3. Can the second polishing step (to remove marring from the first compounding step) be done with the PC, or is the Rotary still the best tool for even the polishing/finishing step?
    I only have the space and budget to work with one tool. The PC is good for applying and removing wax but I usually do that by hand.

    4. When working an area (assuming one applies the correct amount of compound) how long till the pad consumes the product and the area is done?
    I use about a quarter size blob of polish and cover an area about 1/4 size of the hood and go back and forth 2-3 times in each direction and the polish is gone, maybe 30 seconds. It does start to build up in the pad after a while so use less as you go. Remember, too much polish makes for more work

    5. In addition to sharp edges, I hear all edges of panels are thin and prone to getting cut through. Should I cut near the edges first when doing a panel?
    Some detailers use masking tape so they don't accidently hit those areas, I just learned to not do them, hit them by hand if they need it

    6. Would you recommend taping the trim before starting?
    Beginners should tape sharp creases and trim until they learn to avoid them, trim/emblems chews up $15 pads, not cost effective

    7. On really contoured areas of the car, it's impossible to keep the pad flat. How do you cut those areas?
    That's one reason I use a 6" pad that has rounded edges, I can get into some steep curves without a problem like the hood on my daughters '98 Mustang.

    It's not that hard to do, common sense is all it takes. I've showed people from 16 year olds with their first car to school teachers and nobody has damaged their car and everyone was impressed.

  3. Join Date
    Oct 2002
    Posts
    2,277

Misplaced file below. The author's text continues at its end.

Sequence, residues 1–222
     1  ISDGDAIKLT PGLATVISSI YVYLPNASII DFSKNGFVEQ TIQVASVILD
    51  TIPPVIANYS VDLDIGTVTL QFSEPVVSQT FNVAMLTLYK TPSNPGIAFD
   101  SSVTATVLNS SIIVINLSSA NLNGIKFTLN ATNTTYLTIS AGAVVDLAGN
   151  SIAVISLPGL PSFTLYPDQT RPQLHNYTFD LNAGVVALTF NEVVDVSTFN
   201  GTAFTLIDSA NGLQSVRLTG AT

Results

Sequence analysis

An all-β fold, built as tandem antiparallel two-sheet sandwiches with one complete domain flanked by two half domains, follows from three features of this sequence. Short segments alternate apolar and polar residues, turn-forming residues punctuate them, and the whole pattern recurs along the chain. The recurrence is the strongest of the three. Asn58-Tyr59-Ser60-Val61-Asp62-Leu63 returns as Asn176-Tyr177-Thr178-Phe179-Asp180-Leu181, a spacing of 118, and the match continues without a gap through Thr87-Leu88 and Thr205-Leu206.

#3
    theveed, how about yung buffing machine na meron vertical motion? Ok ba itong gamitin pag nagwawax ako using Maguire Gold wax? I was able to buy one in HK and it is made in England. It rotates and it also move vertically up and down simulating yung normal hand stroke.


  4. Join Date
    Oct 2002
    Posts
    13,415
    #4
    I don't understand what you mean by vertical motion... I think you mean an orbital... Gold class is so easy to apply, makes no sense using a machine to apply it coz it'll just use up so much more product.

    Like you said, it mimiks hand motion so it's pretty much a fool proof alternative to hand application.

  5. Join Date
    Oct 2002
    Posts
    2,277
    #5
    Yes, I think you call it orbital motion, it rotate and move. I manually apply the wax and use this to buff the wax para mas maganda ang pagka polish. Tama ba ito? I'm thinking baka lalong masira yung paint pag gumagamit ako nitong buffing machine.




  6. Join Date
    Oct 2002
    Posts
    13,415
    #6
    Nah, that's fine... an orbital is nothing more than a fast, large, untiring hand...

  7. Join Date
    Oct 2002
    Posts
    126
    #7
    Quote Originally Posted by theveed
    Nah, that's fine... an orbital is nothing more than a fast, large, untiring hand...
    I was going to say something green... but never mind... people here at tsikot have good enough imaginations....

    --Alf

  8. Join Date
    Oct 2002
    Posts
    13,415
    #8
    Just make sure your pads/bonnets are clean and you'll do no more harm than your hand could... (just be careful on the cords hitting the side of the paint, the edges of the buffer, etc etc.. common sense stuff.)

Attn: theveed. Re: Rotary Buffer